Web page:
As much as I’d like to blow out of work on a random Friday afternoon and lay my head down somewhere in proximity to beaches or mountains, organizing all the moving parts sounds like perfect agony – and feels like something that would suck up every ounce of joy I managed to find in having a second establishment. It’s something to consider, perhaps, when I’ve finished whoring out my brain for 40 hours of each week and there are big buckets of free time, but here and now, the time just isn’t right.

On knowing your coin…

Aside from books, I’m not a particularly avid collector of many things. One exception is Fostoria’s coin pattern glassware. My first pieces were bits from home. I suspect they were mostly things my mother was mostly tired of dusting around and ended up with me because I’m a soft touch for whatever object comes along with a family connection.

Over time, I’ve added to those first three pieces pretty steadily – maybe a piece or two a year as I find them. Coming across new bits for the collection “in the wild” is more entertaining for me than bulk auction buys. I’m not in a hurry to complete a set, so it’s largely a case of adding what I find when I find them.

This past weekend, in recognition of the impromptu three day weekend, I seemed to come across pieces of coin pattern in every shop I walked into. I was awash in an ocean of the stuff. Usually I’d say that’s a good problem to have.

Unfortunately, there was a problem with every single piece I picked up. Fifty percent of it was “reproduction,” or more precisely legitimate pieces made not by Fostoria, but more recently by Lancaster Colony. It’s still nice stuff, but my collection is focused on earlier pieces so I left all of those where I found them. Some of the examples were reproductions pretending to be vintage – their coins sandblasted or acid etched to give the illusion of proper frosting on the coins themselves. Those are always a hard pass.

The real killers were the ones that didn’t fall into either of those categories – and they were correspondingly harder not to bring home with me. These were the original bowls paired with “fake” lids or original lids paired with fake bowls. They were probably the most disappointing of all, since they were in a couple of the harder to find color options. Still, I left them alone, as trying to find the right replacement lid or bowl on its own could take years, if it ever came along at all.

Why am I telling you this? Just a reminder, I guess, that if you’re going to be a collector of anything, knowing a bit about it besides “looks pretty on a shelf” is in order. Otherwise I could have spent a few hundred dollars last Friday and come home with a dozen things that looked like they should fill holes in the collection, but really didn’t. I’ve no idea how that applies to anyone or anything else, but it feels like a decent enough life tip.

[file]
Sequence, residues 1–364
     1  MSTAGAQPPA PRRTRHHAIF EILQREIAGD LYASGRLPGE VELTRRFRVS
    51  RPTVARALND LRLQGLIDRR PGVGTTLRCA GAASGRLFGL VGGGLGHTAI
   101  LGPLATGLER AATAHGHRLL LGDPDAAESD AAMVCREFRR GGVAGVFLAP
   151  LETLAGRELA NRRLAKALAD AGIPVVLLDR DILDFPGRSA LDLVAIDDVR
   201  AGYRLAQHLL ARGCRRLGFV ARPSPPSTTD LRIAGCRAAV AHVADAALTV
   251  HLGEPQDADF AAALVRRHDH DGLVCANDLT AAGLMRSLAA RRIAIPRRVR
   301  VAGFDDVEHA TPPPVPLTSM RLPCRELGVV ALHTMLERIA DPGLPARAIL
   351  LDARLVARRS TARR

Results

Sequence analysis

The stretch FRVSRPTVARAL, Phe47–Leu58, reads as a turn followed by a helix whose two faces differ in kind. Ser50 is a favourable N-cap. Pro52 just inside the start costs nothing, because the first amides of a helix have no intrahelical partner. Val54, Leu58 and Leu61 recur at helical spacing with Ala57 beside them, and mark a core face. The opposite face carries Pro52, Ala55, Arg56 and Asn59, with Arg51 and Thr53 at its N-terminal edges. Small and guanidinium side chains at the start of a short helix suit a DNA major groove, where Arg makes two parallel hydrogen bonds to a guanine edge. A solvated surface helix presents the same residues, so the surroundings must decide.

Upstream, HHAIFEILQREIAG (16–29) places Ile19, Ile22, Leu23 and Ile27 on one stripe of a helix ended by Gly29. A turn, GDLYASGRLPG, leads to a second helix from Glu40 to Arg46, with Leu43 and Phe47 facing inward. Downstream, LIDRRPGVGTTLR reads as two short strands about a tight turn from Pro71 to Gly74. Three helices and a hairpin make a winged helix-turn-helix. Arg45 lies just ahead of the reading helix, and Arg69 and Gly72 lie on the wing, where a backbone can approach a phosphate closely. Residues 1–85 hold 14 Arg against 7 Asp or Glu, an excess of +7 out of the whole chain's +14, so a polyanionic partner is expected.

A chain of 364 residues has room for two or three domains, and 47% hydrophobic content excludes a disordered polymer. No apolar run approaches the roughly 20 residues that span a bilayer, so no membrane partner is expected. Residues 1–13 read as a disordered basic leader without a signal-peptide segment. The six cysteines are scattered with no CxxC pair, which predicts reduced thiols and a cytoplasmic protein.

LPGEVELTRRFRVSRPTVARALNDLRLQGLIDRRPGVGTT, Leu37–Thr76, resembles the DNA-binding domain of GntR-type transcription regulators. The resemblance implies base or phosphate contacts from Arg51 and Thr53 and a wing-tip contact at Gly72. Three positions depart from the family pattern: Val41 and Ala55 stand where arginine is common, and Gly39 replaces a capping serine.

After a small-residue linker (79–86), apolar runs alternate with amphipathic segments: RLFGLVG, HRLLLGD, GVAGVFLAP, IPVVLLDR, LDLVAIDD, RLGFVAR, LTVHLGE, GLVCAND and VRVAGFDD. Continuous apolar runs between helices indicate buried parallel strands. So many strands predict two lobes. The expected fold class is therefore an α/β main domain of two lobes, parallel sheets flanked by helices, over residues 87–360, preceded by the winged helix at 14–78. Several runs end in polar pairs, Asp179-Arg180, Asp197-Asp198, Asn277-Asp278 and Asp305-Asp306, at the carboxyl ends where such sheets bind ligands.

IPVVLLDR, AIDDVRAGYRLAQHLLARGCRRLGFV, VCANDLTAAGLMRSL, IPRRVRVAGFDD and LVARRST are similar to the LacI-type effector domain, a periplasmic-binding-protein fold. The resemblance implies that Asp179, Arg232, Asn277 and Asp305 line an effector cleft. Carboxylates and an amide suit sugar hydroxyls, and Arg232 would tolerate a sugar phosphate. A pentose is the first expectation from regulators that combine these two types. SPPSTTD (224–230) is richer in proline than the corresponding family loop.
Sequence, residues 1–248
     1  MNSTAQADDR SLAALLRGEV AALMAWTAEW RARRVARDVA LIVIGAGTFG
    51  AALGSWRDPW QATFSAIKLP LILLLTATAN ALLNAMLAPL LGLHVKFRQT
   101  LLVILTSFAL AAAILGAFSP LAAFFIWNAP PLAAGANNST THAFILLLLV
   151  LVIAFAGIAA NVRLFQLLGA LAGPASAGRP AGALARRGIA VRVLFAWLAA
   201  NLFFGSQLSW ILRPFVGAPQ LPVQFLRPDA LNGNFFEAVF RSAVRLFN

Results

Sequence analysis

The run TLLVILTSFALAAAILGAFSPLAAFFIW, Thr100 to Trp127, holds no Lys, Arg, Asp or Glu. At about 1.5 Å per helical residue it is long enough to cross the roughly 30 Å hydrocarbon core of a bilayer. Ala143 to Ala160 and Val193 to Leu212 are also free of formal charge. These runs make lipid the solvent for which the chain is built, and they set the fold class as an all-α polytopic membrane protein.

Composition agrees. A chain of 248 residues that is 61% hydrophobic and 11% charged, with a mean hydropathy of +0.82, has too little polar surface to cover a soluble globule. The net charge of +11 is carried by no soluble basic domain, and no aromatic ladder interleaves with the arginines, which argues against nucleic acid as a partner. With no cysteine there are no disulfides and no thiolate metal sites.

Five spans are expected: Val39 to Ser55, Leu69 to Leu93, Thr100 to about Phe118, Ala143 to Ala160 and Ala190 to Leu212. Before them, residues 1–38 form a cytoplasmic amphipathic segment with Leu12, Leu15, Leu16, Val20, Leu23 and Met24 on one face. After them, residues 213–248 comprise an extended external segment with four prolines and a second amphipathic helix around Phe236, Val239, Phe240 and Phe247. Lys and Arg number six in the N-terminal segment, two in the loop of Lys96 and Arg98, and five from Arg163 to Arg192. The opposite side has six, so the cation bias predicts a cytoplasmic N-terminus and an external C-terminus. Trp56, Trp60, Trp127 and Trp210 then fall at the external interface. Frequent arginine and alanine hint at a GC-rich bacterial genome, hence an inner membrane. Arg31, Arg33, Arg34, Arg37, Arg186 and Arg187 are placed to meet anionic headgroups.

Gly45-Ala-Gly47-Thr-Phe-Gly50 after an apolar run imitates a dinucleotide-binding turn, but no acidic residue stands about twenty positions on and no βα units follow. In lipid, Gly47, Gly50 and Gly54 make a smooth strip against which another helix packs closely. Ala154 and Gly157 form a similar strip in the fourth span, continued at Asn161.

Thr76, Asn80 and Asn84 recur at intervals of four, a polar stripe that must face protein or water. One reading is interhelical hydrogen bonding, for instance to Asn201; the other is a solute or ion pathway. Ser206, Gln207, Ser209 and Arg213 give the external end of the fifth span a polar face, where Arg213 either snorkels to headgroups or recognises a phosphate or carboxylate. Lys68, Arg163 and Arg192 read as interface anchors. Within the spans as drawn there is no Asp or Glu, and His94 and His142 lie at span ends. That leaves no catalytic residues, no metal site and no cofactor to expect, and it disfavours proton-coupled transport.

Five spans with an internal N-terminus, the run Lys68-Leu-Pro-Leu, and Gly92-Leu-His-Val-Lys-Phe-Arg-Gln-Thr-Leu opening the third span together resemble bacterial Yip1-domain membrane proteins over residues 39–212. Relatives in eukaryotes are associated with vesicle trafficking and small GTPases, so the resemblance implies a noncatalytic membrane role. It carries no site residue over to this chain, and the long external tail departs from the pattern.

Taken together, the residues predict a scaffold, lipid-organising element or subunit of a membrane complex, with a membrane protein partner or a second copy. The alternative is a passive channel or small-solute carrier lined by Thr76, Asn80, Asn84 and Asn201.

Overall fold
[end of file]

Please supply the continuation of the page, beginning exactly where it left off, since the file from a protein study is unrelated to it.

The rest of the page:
Normal sounds…

The schedule I keep while working from home isn’t all that much different than the schedule I keep at the office. Every morning around 9:30, I’m ready for a stretch and a little walk around after two hours of sitting, caffeinating, and reading email. It’s in that spirit that I took the dogs out this morning for their mid-morning bathroom break.


That’s when I realized the outside wasn’t thunderously loud with the screeching of cicadas. Oh, they’re still there “singing” in the background, but they’re not overwhelming every other noise in the woods for the first time in weeks.

I don’t know if it’s just because this morning is relatively cool compared to last week or if it’s a sign that we’re truly over the hump with these little bastards. Either way, for a few minutes this morning I enjoyed the outside in a way I haven’t in weeks.

Those few minutes, coffee in hand, listening to the normal sounds of my woods returning, felt surprisingly good – like something I didn’t even know I needed.

It’s a truly small win, but as the kids might say, “I’m here for it.”

It’s Mountain Williams if you’re being formal…

I know I’ve once again come late to the party, but I just finished reading Hilllbilly Elegy over the weekend. I know in in the relatively short time from publication to the release of its movie version, it’s gone from media darling to being trashed for the author’s politics. It’s hardly the first time a “problematic” book has ended up on my shelves and it surely won’t be the last to find a home there.

Avoiding any political discussion of the author or anything else, I clearly heard echoes of truth in the text – echoes from a childhood back home and back when, down in the valleys of Maryland’s coal country.

Though I grew up in Squirrel Neck Hollow – or up squirrel neck if you’re local – I don’t have a particular strong affinity for hillbilly culture as Vance describes it. I might not have been raised in it, but the first half of my life was strongly flavored by it.

I mercifully missed out on the drug abuse and abject poverty – though both were in abundance no more than a stone’s throw away back in the 80s. The stories of batshit crazy relatives, of shouting matches, knockdown drag out fights over small piques of honor, of the extended family living way too close and being way too involved in everyone else’s lives stirred more than a few long slumbering memories.

It’s hard not to reflect on how my own life has spooled out as he mused about alternative opportunities of success for those who went away – who joined the military, followed career paths out of the mountains and hollows, went away to college, or through circumstances found themselves further afield.